Our Interesting Call with CTS-Labsby Ian Cutress on March 15, 2018 7:30 PM EST
In light of the recent announcement of potential vulnerabilities in Ryzen processors, two stories have emerged. Firstly, that AMD processors could have secondary vulnerabilities in the secure processor and ASMedia chipsets. The second story is behind the company that released the report, CTS-Labs, the approach they have about this disclosure, and the background of this previously unknown security focused outfit – and their intentions as well as their corporate structure. Depending on the angle you take in the technology industry, either as a security expert, a company, the press, or a consumer, one of these stories should interest you.
To make it clear, the two stories boil down to these questions:
|One||What are the vulnerabilities, how bad are they, and what can be done?|
|Two||Who are CTS-Labs, how come their approach to reasonable responsible disclosure differs to other security firms, how come a number of elements about the disclosure are atypical of a security firm, what is their financial model, and who are their clients?|
In our analysis of the initial announcement, we took time to look at what information we had on the flaws, as well as identifying the number of key features about CTS-Labs that did not fit our standard view of a responsible disclosure as well as a few points on Twitter that did not seem to add up. Since then, we have approached a number of experts in the field, a number of companies involved, and attempted to drill down into the parts of the story that are not so completely obvious. I must thank the readers that reached out to me over email and through Twitter that have helped immensely in getting to the bottom of what we are dealing with.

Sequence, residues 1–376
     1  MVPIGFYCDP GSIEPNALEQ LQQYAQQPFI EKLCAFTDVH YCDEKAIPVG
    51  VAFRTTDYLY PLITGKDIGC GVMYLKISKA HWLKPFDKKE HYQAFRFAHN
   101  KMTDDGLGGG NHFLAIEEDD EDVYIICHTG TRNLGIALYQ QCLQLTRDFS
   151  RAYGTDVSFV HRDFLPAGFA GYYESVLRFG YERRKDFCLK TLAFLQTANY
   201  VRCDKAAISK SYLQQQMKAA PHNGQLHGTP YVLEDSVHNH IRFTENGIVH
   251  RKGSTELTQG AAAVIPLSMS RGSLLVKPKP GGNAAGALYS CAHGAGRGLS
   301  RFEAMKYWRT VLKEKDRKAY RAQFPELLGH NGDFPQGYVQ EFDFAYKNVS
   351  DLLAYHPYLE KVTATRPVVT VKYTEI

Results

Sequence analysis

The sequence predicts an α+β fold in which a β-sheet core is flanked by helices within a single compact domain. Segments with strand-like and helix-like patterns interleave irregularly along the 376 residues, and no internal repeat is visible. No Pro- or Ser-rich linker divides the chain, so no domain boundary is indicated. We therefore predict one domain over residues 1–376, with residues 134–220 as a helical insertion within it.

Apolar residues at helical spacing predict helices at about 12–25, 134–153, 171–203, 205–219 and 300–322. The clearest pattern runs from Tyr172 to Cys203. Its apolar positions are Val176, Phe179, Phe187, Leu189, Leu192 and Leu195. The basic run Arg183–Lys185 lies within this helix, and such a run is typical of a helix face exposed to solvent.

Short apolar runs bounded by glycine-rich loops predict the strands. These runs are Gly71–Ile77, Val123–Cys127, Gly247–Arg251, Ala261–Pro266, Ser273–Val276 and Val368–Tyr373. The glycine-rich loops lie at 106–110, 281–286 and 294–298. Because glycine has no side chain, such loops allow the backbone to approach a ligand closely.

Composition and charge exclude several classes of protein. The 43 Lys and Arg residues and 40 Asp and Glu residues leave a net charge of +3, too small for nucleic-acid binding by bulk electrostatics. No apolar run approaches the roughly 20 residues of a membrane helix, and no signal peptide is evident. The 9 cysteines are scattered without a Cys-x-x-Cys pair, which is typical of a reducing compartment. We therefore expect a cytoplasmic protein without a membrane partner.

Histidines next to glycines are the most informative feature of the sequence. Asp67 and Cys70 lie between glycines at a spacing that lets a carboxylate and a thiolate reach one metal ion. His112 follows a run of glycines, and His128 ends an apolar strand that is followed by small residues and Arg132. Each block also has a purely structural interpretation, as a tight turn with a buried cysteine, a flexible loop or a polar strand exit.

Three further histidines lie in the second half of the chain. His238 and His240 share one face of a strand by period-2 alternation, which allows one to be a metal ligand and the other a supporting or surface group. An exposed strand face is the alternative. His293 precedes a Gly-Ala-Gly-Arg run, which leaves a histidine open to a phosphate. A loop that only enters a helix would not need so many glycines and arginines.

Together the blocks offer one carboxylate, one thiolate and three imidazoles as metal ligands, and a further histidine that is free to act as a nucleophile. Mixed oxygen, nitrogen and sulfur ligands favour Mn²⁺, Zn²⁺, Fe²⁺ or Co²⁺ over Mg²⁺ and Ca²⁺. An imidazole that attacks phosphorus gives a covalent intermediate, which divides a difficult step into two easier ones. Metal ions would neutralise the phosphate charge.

On the back of this, CTS-Labs has been performing a number of press interviews, leading to articles such as this at our sister site, Tom’s Hardware. CTS reached out to us as well, however a number of factors led to delaying the call. Eventually we found a time to suit everyone. It was confirmed in advance that everyone was happy the call was recorded for transcription purposes.
Joining me on the call was David Kanter, a long-time friend of AnandTech, semiconductor industry consultant, and owner of Real World Technologies. From CTS-Labs, we were speaking with Ido Li On, CEO, and Yaron Luk-Zilberman, CFO.
The text here was transcribed from the recorded call. Some superfluous/irrelevant commentary has been omitted, with the wording tidied a little to be readable.
This text is being provided as-is, with minor commentary at the end. There is a substantial amount of interesting detail to pick through. We try to tackle both of the sides of the story in our questioning.
IC: Who are CTS-Labs, and how did the company start? What are the backgrounds of the employees?
YLZ: We are three co-founders, graduates of a unit called 8200 in Israel, a technological unit of intelligence. We have a background in security, and two of the co-founders have spent most of their careers in cyber-security and working as consultants for the industry performing security audits for financial institutions and defense organizations and so on. My background is in the financial industry, but I also have a technological background as well.
We came together in the beginning of 2017 to start this company, whose focus was to be in hardware in cyber security. As you guys probably know, this is frontier/niche now that most of the low-hanging fruit in software has been picked up. So this is where the game is moving, we think at least. The goal of the company is to provide security audits, and to deliver reports to our clients on the security of those points.
This is our first major publication. Mostly we do not go public with our results, we just deliver our results to our customers. I should say very importantly that we never deliver the vulnerabilities themselves that we find, or the flaws, to a customer to whom the product does not belong. In other words, if you come to us with a request for an audit of your own, we will give you the code and the proof-of-concepts, but if you want us to audit someone else’s product, even as a consumer of a product or a competitor’s product, or a financial institution, we will not give you the actual code – we will only describe to you the flaw that we find.